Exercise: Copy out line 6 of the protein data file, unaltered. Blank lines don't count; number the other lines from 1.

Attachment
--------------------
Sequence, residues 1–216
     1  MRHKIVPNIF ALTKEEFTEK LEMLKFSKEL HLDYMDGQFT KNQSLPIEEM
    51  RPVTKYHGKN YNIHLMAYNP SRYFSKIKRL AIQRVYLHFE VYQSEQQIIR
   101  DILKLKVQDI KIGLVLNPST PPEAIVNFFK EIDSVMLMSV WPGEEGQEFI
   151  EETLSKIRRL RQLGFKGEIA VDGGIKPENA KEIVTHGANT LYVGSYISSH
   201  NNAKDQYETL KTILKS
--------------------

   201  NNAKDQYETL KTILKS